But I will point out the “Streetlight” section of the SmartSolar Settings menu (above right) as a sign of broad reach for both Victron and solar these days, and will note VE. Smart Networking as an alternate and possibly confusing use of the Bluetooth feature. Gizmo doesn’t need it because the SmartSolar mounted near the battery bank will temperature compensate charging with an internal sensor (or the Venus temp sensors could be involved), but the BMV could be delivering bank temperature over Bluetooth.

Confused yet? Sorry, but that’s the nature of the new beast. We’re already seeing whole boat electronics integration using all sorts of data protocols to get the job done, so why not individual sensors, chargers, etc.? NMEA 2000 has proven itself excellent for real-time critical boat data networking, with Ethernet for the big loads, but configuration is pretty much limited to same brand products (or a family of brands like the way Mastervolt power components can work with C-Zone and other Power Products members).

Meanwhile companies like Maretron, Actisense, and Yacht Devices have built good N2K configuration tools for components without displays, but they usually require a special bridge module and/or a PC. Built-in Bluetooth with an app looks to me like a great solution. I know that Victron is making the case well, and I’m glad to see it in interesting new products like the Blue Guard BG-1 bilge pump switch. Do you agree with “more please”?

PS 3/11: Here is the PDF of Gary Warner’s excellent battery charging notes as discussed below in comments (yes, the discussion has gone off topic but it’s valuable).

Ben Ellison

Ben Ellison

Panbo editor, publisher & chief bottlewasher from 4/2005 until 8/2018, and now pleased to have Ben Stein as a very able publisher, webmaster, and editing colleague. Please don't regard him as an "expert"; he's getting quite old and thinks that "fadiddling fumble-putz" is a more accurate description.

21 Responses

  1. Steve says:

    Wow, I’d love to read that again in English!!!!

  2. Todd Edger says:

    Yes still eagerly waiting for Bluetooth App for my beta Balmar SG200.

  3. RickG says:

    I run the same solar controllers for our Firefly bank. The bluetooth option is wonderful.

    Question: 16.5V equalization voltage for Fireflys? I see it is disabled, but I set EQ at the float voltage to prevent an accidental battery killing glitch.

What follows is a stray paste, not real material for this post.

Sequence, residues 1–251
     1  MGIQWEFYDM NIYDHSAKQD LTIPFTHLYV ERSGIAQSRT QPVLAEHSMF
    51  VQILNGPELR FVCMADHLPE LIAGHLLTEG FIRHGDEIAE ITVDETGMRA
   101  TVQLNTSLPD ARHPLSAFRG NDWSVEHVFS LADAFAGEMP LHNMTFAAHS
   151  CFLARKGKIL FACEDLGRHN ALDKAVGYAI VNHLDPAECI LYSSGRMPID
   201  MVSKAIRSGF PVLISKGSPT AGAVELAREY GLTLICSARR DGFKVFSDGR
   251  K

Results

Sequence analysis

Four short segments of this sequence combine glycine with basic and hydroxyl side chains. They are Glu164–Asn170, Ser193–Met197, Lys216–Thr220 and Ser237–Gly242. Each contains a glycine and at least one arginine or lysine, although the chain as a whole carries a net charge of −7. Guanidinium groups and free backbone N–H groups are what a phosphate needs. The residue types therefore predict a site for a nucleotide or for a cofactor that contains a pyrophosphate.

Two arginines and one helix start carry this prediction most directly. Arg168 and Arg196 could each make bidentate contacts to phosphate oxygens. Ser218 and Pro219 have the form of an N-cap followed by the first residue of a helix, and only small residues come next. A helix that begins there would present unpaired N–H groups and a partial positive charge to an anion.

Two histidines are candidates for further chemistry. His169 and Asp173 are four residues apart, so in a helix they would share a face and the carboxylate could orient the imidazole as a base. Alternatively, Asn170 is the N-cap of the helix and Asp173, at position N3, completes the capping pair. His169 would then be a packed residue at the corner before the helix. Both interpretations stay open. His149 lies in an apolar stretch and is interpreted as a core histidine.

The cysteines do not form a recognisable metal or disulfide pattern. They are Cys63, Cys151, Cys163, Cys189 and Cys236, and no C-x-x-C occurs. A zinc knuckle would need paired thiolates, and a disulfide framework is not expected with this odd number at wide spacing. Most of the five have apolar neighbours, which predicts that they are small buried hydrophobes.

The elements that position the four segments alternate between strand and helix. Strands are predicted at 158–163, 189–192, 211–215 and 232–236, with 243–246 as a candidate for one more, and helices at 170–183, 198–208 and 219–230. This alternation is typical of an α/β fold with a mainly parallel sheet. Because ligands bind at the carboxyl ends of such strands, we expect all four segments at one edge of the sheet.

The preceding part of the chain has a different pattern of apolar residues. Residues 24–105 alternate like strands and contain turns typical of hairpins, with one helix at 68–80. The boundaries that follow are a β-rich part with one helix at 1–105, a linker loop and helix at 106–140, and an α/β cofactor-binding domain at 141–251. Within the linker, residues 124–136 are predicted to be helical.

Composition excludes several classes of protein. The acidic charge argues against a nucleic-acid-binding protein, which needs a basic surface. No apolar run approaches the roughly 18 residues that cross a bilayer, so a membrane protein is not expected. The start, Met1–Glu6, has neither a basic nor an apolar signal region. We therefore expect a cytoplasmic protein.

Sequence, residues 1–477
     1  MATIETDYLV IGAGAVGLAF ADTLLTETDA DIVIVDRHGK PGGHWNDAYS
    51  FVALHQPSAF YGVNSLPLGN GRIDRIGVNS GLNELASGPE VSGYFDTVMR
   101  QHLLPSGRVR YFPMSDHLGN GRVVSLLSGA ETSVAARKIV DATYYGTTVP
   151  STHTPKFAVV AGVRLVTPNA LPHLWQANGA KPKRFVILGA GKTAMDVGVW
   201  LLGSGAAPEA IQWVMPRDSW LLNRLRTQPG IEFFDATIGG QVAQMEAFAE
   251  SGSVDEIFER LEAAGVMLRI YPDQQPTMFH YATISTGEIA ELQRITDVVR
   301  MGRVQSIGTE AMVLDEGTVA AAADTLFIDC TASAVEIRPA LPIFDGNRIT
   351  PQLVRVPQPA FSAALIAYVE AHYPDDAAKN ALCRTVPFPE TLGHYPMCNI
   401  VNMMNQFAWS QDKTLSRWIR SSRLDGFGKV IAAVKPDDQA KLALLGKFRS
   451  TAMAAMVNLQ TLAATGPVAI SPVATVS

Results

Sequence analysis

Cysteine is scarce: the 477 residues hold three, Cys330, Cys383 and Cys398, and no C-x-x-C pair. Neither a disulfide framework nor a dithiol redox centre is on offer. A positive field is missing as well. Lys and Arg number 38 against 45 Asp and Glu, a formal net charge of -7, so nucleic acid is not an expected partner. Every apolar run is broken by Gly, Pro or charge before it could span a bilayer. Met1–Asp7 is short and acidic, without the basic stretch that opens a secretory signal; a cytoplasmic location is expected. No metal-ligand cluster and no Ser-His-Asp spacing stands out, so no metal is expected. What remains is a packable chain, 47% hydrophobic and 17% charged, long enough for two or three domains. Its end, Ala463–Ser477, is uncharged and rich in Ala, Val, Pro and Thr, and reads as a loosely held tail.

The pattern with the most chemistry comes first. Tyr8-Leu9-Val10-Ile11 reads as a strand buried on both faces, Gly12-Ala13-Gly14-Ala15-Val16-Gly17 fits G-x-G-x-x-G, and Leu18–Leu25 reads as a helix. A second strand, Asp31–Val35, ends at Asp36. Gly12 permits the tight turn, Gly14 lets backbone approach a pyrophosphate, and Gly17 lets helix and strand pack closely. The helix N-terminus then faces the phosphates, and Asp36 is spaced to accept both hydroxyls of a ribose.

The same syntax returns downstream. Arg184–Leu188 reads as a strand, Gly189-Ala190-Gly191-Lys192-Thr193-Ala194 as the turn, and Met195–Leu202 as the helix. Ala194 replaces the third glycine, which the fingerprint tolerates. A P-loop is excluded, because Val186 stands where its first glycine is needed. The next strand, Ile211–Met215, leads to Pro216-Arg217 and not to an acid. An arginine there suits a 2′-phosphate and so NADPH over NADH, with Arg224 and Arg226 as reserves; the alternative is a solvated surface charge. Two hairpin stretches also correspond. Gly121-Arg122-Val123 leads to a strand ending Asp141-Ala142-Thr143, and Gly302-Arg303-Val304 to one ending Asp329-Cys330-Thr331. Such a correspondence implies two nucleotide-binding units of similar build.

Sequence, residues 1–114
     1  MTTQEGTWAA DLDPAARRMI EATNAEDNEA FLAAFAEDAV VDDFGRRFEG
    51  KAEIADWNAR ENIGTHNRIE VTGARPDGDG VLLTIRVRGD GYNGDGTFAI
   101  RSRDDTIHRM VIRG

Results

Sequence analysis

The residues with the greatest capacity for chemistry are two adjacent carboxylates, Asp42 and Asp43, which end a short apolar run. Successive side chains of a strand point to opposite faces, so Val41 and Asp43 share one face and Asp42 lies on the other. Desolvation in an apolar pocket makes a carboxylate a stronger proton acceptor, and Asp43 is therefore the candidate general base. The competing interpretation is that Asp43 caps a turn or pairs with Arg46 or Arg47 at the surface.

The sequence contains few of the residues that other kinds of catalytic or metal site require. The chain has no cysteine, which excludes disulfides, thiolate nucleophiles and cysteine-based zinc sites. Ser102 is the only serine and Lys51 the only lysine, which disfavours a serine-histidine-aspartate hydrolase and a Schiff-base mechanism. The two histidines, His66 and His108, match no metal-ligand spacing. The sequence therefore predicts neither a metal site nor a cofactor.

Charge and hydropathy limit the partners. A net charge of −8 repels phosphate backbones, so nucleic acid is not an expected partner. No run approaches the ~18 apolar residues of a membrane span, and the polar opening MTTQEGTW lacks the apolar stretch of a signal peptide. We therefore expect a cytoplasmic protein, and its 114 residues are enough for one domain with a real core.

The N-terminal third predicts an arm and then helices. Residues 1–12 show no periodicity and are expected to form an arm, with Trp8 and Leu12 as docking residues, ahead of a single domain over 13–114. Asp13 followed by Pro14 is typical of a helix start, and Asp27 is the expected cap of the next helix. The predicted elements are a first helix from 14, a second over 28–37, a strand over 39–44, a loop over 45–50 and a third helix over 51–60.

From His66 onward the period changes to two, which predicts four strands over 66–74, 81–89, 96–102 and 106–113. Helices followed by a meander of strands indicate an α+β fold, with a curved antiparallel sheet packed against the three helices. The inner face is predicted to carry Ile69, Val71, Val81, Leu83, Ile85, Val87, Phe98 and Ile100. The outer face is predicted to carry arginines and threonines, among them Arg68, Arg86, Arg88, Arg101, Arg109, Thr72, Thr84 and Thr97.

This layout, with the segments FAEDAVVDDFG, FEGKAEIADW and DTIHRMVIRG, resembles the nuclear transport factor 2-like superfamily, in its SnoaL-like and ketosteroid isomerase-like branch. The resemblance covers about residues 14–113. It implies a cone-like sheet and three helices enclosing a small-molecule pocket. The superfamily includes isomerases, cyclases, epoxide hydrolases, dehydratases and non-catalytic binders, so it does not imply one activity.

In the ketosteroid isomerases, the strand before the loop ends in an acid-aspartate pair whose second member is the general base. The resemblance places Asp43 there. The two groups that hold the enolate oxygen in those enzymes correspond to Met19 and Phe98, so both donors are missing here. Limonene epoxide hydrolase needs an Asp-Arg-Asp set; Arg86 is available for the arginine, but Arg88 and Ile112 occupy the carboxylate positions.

• Ben Ellison Ben Ellison says:

      Thanks, RickG; your suggested change already made with Victron Connect 😉 But I might change it again to 0v as I notice that Victron uses that value for battery presets setup of their Lithium models, which also shouldn’t be equalized.

      I also thought about modifying the temperature compensation value to the 24mV/C° suggested in the Firefly manual, but am a little confused about it. I think it gets entered as a negative like the -16mV/C that Victron has as default in all their presets. Also think it’s a pretty minor change, especially as my Multi does not offer adjustment. Any thoughts?

  4. Have you looked at the A&T instrument displays ( – on offshoot of Tinley)? They’re a bit niche in that they are pitched primarily as replacements for B&G Fastnet FFDs, but they have a multi protocol interface capable of N2K, Fastnet or Ethernet on the same copper (as I understand it) all configurable from your phone by bluetooth. Another interesting use of it as a config mechanism.

  5. RickG says:

    I think setting the EQ to 0V works just fine for Firefly batteries.

    Living on the dock I worried about the batteries being on float 24 hours a day. On the hook/mooring that is not a problem.

    • Ben Ellison Ben Ellison says:

      During the last three winters when Gizmo has had shore power available, I’ve been fairly careful about Float too. But now that I have the Venus system with much easier configuration access to my MultiPlus 12/2000 inverter/charger, I realized it has a Storage mode:

      “The Storage mode kicks in whenever the battery has not been subjected to discharge during 24 hours. In the Storage mode float voltage is reduced to 2,2V/cell (13,2V for 12V battery) to minimise gassing and corrosion of the
      positive plates. Once a week the voltage is raised back to the absorption level to ‘equalize’ the battery. This feature prevents stratification of the electrolyte and sulphation, a major cause of early battery failure.”

      You can see Storage in action at Gizmo’s VRM site right now:

  6. RickG says:

    I don’t fiddle with temperature compensation on the solar controllers. I do have temperature sensors and the BMV 712 sensor is in the warmest space.